Ultraviolet (UV) radiation is a type of natural energy from the sun. Scientists know that prolonged exposure to UV rays increases a person’s risk of getting skin cancer.
Sunlight is essential for human health. When it hits a person’s skin, it triggers a reaction that makes vitamin D. Vitamin D
However, UV rays can damage the skin. According to the
This article explains UV radiation and how it can damage the skin. It also highlights steps people can take to reduce their risk and explains what symptoms to look out for.
UV radiation is a type of energy from the sun. According to the United States Environmental Protection Agency, there are three types of UV rays:
- Ultraviolet A, or UVA: This type makes up most of the UV radiation on Earth. These rays cause skin aging and can damage a person’s eyes.
- Ultraviolet B, or UVB: These rays cause sunburn and can damage skin cells’ DNA. UVB rays are responsible for most skin cancers.
- Ultraviolet C, or UVC: The earth’s atmosphere blocks these rays. However, scientists can recreate them. Their uses include UV sanitizing light bulbs and arc welding torches.
Prolonged UV exposure can cause cancer. The damage builds up over time.
According to the
Skin cancers start in the top layers of the skin. The names of various types of skin cancer reflect the cells they affect. These include:
- squamous cell carcinoma
- basal cell carcinoma
Basal cell carcinoma is the most common type of skin cancer. It usually occurs on a person’s arms, head, or neck — parts of the body that many people expose to sunlight. However, basal cell carcinoma can form anywhere on the body.
Melanomas begin in cells called melanocytes. When UV rays hit a person’s skin, they stimulate these cells to make melanin. Melanin is the skin’s pigment, and increased amounts darken or tan the skin.
Sunburn is usually the first symptom of UV damage. Even mild sunburn can lead to premature aging and skin cancer. Tanned skin is also evidence of sun damage.
People with fair skin may be at greater risk of sunburn, but it can affect anyone.
Sunburn increases a person’s risk of getting skin cancer. Even one severe sunburn during childhood or adolescence doubles a person’s chances of developing melanoma later in life.
Repeated sunburns carry increased risks.
People can also get sunburned by using tanning beds or other indoor tanning aids that involve UV rays.
According to the
Basal and squamous cell carcinomas make up most cases. Both of these cancers are highly treatable if doctors detect and treat them early, as they tend not to spread to other parts of the body.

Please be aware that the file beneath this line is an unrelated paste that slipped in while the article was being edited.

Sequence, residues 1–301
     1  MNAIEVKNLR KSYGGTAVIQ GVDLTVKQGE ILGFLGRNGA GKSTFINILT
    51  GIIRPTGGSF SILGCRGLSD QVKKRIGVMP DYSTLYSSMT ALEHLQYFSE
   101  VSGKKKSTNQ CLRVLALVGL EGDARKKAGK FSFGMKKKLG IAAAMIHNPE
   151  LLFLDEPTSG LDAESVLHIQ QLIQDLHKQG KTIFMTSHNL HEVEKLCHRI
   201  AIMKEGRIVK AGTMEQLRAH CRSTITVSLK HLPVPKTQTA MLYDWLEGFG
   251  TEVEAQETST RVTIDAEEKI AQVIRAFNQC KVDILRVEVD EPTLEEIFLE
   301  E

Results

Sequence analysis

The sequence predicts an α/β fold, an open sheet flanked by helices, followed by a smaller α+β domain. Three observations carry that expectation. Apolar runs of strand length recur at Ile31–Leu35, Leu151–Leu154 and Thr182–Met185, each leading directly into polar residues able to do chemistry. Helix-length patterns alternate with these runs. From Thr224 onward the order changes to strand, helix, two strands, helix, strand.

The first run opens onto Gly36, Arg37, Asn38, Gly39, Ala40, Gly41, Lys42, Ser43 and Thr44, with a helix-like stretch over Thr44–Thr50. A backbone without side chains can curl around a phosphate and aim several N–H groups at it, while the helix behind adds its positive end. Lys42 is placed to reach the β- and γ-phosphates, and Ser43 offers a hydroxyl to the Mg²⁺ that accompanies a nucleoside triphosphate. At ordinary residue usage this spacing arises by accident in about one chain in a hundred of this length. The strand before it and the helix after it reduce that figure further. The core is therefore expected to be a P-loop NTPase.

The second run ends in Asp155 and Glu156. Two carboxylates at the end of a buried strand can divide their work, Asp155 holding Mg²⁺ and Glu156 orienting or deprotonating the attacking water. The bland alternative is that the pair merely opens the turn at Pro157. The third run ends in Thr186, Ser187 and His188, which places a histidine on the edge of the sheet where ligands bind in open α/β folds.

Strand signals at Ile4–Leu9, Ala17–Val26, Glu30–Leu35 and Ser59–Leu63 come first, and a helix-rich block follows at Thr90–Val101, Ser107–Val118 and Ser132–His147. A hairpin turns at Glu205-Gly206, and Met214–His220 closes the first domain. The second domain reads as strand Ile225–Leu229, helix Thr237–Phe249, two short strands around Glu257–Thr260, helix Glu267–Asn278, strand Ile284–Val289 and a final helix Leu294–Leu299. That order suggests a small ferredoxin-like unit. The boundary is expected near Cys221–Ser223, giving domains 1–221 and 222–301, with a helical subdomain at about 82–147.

Melanoma is a rarer form of skin cancer and is more likely to spread than other types.
Skin cancers usually start as unusual markings or changes in the appearance or texture of the skin. The
The American Academy of Dermatology recommends that people check their skin every month for symptoms of skin cancer, such as:
- moles that change shape or look different from others
- scaly patches
- sores that do not heal or sores that heal but then come back
- dome-shaped growths
- raised, itchy patches of skin
- areas that appear fragile and tend to bleed easily
- dark streaks under a finger or toenail
People with fair skin that burns easily are most at risk of skin cancer, but it can happen to anyone. UV exposure, either from sunlight or from indoor tanning aids, increases a person’s risk.
People who work outdoors or spend a lot of time outside have regular exposure to UV rays, which increases their risk of developing skin cancer.
Anyone can get sunburned, regardless of skin tone.
UV rays can damage the skin, even on cloudy days. Surfaces such as water, snow, sand, and cement can also reflect rays. UV rays are usually strongest in the middle of the day, between 10 a.m. and 4 p.m.
- Wear sunscreen on exposed skin every day. Broad-spectrum sunscreens block UVA and UVB rays and have a sun protection factor (SPF) rating. The higher the SPF rating, the more protection they give. However, sunscreens do not block all UV rays.
- Seek shade rather than full sun.
- Cover up with loose-fitting long-sleeved shirts, long pants, or skirts. Sunglasses help protect the delicate skin around the eyes and reduce the risk of cataracts. A wide-brimmed hat can protect a person’s head, neck, face, and ears.
- Avoid indoor tanning.
Not all skin cancers look alike. However, a new mole or a sore that will not heal can be a symptom of skin cancer. If someone is concerned about skin changes, they should consult a dermatologist.
- A for asymmetry: The shape of one half is not the same as the other half.
- B for border: The border is ragged, notched, or blurred. The pigment may spread and be noticeable in the surrounding skin.
- C for color: The coloring differs from one area to the next, with shades of black, brown, and tan. Some areas may also appear white, gray, red, pink, or blue.
- D for diameter: The marking has changed size — it is particularly of concern if it has gotten bigger. Most melanomas are larger than 6 millimeters or 1/4 inch wide, which is about the width of a pencil eraser. However, they can be smaller than this.
- E for evolving: The marking changes shape, size, or color over a couple of weeks or months.
Protecting the skin from UV rays is a daily challenge, but doing so reduces the risk of skin cancer.
Most people with basal or squamous cell carcinomas respond well to treatment, and deaths
Melanoma causes more deaths, as this type of cancer is more likely to spread to other parts of the body.
According to the
UV rays can damage the skin and may lead to skin cancer.
Sunburn increases the risk of developing skin cancer, but prolonged exposure without burning also damages the skin.
People can reduce their risk by wearing sunscreen, covering their skin, seeking shade, and avoiding the sun during the hottest part of the day.